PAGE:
I was honored to be a part of this book! Back in 2011 when I was just beginning my “outside the library that I am currently employed at” librarian journey Katie and Vibiana were one of the first people in the library world to give me a shot at doing something in the greater librarian community. I am eternally thankful to them for asking me to be a part of this!

It was really neat and interesting to write a book chapter. I found it to be a really great learning experience: I had to balance my enthusiastic and untrained writing style with something more….well, book-ish. Was it tough? Sure, but it was a great learning experience.

I got my own copy a few weeks ago and have been digging through it. I LOVE all of the stuff said by the collaborators and I found it very useful and informative.

If you want to check it out, you can purchase it in that old fashioned yet very handy print format here: REINVENTING REFERENCE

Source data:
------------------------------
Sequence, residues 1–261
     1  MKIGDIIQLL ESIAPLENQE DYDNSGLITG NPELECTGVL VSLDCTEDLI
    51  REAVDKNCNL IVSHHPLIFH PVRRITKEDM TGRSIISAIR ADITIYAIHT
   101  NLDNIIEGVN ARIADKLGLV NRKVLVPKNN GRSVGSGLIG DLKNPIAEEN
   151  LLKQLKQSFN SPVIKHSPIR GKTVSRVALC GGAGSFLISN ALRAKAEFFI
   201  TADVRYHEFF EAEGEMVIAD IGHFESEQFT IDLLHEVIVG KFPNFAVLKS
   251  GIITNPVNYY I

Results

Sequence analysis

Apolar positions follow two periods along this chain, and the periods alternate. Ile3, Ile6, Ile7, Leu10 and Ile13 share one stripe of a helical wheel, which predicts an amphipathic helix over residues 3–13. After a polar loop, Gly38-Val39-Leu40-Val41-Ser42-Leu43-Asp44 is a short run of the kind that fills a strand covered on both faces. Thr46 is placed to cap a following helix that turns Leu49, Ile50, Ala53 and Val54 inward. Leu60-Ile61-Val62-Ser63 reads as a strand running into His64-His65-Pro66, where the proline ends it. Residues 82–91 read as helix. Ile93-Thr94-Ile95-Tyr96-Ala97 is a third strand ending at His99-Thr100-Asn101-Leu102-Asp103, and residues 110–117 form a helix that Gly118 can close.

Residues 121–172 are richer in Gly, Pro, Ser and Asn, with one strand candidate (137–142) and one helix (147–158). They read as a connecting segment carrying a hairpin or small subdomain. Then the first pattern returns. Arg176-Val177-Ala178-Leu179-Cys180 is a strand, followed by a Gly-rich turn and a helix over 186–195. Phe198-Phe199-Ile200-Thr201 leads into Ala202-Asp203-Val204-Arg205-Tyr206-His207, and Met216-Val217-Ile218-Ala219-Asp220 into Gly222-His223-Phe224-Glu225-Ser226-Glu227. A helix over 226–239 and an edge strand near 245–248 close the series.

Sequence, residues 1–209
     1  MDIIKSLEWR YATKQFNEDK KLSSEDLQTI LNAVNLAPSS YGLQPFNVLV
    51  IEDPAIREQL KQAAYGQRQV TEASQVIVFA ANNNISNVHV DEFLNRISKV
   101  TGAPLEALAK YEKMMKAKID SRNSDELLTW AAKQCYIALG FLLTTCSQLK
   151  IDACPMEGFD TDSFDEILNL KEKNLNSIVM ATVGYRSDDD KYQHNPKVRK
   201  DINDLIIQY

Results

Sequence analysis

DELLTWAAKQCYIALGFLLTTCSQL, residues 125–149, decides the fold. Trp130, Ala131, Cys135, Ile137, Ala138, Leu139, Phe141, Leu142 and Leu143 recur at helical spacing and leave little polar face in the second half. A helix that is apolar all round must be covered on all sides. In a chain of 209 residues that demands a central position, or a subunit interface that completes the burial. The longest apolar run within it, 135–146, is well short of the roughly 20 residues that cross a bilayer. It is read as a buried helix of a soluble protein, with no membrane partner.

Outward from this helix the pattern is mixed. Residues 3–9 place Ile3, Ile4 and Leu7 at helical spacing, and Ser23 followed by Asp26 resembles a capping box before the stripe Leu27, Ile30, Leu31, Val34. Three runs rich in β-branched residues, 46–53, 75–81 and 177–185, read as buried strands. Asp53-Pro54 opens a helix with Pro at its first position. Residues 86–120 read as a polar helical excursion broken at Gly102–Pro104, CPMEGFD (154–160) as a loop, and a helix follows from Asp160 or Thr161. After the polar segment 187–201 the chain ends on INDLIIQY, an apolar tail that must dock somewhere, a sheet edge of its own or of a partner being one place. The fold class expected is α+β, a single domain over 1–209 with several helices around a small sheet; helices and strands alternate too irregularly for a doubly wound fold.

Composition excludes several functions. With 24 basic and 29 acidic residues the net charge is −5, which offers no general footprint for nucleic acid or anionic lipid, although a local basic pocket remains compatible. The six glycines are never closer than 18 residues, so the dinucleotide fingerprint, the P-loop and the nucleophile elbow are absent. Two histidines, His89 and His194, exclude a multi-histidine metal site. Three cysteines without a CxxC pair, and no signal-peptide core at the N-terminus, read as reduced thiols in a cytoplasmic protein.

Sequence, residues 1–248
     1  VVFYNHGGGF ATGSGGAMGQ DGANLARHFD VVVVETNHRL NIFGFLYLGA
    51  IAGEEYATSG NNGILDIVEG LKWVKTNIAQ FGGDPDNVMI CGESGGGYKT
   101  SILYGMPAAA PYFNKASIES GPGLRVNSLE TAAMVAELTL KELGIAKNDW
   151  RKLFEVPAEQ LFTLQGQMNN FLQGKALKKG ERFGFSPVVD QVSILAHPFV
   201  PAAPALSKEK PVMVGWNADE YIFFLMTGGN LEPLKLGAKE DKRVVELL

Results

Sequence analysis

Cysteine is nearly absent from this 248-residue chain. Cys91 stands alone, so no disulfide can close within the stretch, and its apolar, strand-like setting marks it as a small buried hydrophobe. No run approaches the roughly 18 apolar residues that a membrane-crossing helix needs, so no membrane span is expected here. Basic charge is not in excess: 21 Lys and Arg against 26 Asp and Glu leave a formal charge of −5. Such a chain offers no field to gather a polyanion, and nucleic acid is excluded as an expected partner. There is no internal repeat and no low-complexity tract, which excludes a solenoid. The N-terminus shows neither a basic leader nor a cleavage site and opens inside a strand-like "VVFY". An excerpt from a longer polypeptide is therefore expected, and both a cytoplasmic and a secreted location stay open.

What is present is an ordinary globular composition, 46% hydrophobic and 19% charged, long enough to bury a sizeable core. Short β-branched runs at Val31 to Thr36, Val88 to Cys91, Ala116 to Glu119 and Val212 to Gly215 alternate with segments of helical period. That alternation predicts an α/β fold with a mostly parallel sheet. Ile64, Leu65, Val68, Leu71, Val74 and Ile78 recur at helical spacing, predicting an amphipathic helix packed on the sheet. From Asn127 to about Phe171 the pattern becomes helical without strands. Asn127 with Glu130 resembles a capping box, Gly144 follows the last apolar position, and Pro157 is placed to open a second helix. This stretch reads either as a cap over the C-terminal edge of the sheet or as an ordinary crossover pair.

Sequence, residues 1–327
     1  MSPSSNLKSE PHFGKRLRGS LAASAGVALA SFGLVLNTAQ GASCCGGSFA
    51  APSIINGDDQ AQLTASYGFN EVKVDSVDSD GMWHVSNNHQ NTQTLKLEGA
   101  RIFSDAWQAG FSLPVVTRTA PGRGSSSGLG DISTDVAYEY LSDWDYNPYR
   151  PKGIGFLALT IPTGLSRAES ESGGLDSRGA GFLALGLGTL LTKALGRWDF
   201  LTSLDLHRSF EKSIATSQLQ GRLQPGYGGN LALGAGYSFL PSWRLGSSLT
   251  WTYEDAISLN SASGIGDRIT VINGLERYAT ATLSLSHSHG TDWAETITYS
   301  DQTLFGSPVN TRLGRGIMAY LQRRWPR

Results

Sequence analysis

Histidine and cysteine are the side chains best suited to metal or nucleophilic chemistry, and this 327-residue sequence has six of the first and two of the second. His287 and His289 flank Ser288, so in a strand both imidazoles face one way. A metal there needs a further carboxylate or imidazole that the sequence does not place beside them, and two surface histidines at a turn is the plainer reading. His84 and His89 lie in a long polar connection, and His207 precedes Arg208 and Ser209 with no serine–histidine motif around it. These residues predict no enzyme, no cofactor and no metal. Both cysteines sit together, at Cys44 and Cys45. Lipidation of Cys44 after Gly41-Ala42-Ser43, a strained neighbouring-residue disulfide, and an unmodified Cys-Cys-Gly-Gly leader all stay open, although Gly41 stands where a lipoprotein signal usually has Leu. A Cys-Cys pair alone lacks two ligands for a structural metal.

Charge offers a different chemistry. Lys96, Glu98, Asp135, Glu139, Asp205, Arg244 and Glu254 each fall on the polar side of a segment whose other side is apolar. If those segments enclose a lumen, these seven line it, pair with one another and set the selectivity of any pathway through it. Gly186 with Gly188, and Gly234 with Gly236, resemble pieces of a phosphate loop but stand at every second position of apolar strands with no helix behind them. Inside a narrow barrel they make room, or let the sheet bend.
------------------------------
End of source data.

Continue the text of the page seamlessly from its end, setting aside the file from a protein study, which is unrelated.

Books, Chattanooga Public Library, Chattanooga, TN, Kids, Libraries, Management, Teens

End of the Fiscal Year and All That Jazz

I’m going to take a moment and share something that I am very proud of: statistics for the 2013-2014 Fiscal Year for Youth Services at the Chattanooga Public Library. Now I’m most affiliated with all things on The 2nd Floor of the Chattanooga Public Library, but as we all know it takes the whole picture and the team to make something truly magical happen.  These stats will show you that it is the TEAM at the Chattanooga Public Library that makes things happen.  Some of us have been called Rock Star Librarians but in the great grand scheme of things that isn’t what matters. It’s how the team comes together to do amazing things.  These statistics are proof that amazing things are happening in Chattanooga:

2nd Floor Kids Programs: 676 programs, 11,073 attendees
2nd Floor Tween and Teen Programs: 522 programs, 9233 attendees